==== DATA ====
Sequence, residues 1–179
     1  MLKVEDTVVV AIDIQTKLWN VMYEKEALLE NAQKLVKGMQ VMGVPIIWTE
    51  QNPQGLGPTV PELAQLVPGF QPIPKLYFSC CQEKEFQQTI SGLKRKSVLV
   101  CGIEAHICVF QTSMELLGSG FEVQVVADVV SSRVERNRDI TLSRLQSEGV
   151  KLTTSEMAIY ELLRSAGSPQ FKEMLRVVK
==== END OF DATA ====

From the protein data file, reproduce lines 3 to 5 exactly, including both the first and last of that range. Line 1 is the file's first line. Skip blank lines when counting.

    51  QNPQGLGPTV PELAQLVPGF QPIPKLYFSC CQEKEFQQTI SGLKRKSVLV
   101  CGIEAHICVF QTSMELLGSG FEVQVVADVV SSRVERNRDI TLSRLQSEGV
   151  KLTTSEMAIY ELLRSAGSPQ FKEMLRVVK